Hokowhitu, B., Oetzel, J., Reddy, R., Smith, L. T., Simpson, M., Nock, S., … Johnston, K. (2017). Kaumātua mana motuhake: Kaumātua managing life-transitions through tuakana-teina/peer-education. In The New Zealand Medical Journal: Proceedings of the Waikato Clinical Campus Biannual Research Seminar (Vol. 130, pp. 108–108).
Permanent Research Commons link: https://hdl.handle.net/10289/12874
People face signifi cant transition points as they age, such as loss of independent living, loss of a spouse and changing health conditions. Successfully navigating these transitions depends on being able to manage emotional and socio-economic factors, as well as service systems, while often being reliant on family or whānau. Historically however, kaumātua have faced a dominant society that has failed to realise their full potential as they age. Yet, for Māori, kaumātua are “carriers of culture, anchors for families, models for lifestyle, bridges to the future, guardians of heritage and role models for younger generations.” Kaumātua mana motuhake is invested in upholding kaumātua tino rangatiratanga (independence and autonomy) via high-quality Māori research that will lead to better life outcomes for kaumātua and their whā nau.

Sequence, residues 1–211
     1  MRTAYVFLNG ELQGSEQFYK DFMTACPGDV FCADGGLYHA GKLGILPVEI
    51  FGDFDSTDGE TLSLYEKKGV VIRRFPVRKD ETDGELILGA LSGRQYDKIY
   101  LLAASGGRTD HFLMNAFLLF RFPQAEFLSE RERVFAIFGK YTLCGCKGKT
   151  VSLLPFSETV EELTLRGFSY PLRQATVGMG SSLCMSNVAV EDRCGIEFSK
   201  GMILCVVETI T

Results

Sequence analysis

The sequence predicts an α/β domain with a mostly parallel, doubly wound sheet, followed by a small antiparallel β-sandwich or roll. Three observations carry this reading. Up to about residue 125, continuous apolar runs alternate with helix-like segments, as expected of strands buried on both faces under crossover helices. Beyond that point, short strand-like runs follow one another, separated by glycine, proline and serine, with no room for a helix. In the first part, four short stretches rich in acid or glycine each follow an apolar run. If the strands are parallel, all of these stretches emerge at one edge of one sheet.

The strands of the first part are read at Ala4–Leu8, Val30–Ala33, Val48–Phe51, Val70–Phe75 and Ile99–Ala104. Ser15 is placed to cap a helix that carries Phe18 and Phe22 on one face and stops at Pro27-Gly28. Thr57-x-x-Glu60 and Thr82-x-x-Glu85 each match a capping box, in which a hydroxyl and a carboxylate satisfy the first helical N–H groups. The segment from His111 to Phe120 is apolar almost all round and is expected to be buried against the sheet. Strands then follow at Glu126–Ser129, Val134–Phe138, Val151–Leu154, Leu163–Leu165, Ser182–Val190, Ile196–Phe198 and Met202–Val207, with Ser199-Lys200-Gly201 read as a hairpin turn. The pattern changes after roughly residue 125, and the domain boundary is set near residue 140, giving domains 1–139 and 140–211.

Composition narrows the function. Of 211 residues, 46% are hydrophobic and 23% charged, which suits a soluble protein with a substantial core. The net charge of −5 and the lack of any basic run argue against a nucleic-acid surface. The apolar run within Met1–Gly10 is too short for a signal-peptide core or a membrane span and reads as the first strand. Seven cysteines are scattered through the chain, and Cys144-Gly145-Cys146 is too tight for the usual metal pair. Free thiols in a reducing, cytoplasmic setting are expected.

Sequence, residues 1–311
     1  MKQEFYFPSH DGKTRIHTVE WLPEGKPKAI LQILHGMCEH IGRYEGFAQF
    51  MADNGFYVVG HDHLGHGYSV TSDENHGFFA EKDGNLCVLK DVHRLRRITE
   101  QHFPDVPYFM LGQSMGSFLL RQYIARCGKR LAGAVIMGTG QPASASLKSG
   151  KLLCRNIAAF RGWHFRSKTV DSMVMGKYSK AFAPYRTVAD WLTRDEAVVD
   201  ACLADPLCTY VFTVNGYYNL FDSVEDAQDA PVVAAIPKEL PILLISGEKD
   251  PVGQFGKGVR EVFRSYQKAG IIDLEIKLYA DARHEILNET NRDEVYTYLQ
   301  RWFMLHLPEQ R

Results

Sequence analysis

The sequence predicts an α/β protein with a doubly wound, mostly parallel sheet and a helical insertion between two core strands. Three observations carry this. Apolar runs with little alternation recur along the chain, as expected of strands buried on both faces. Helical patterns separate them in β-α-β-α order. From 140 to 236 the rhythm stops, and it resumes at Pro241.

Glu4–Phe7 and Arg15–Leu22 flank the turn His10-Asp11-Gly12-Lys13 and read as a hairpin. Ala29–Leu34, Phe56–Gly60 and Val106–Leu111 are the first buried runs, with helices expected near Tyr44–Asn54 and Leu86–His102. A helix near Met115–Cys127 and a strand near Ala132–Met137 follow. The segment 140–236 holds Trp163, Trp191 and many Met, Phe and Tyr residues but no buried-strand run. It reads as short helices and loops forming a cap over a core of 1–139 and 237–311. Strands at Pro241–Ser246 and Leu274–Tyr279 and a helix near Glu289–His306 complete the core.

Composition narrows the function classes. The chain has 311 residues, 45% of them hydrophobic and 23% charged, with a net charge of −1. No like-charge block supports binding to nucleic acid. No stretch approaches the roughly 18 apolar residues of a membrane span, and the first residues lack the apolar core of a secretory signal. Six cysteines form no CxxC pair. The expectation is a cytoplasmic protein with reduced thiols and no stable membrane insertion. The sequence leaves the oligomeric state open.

This article is published in the New Zealand Medical Journal. © NZMA. Used with permission.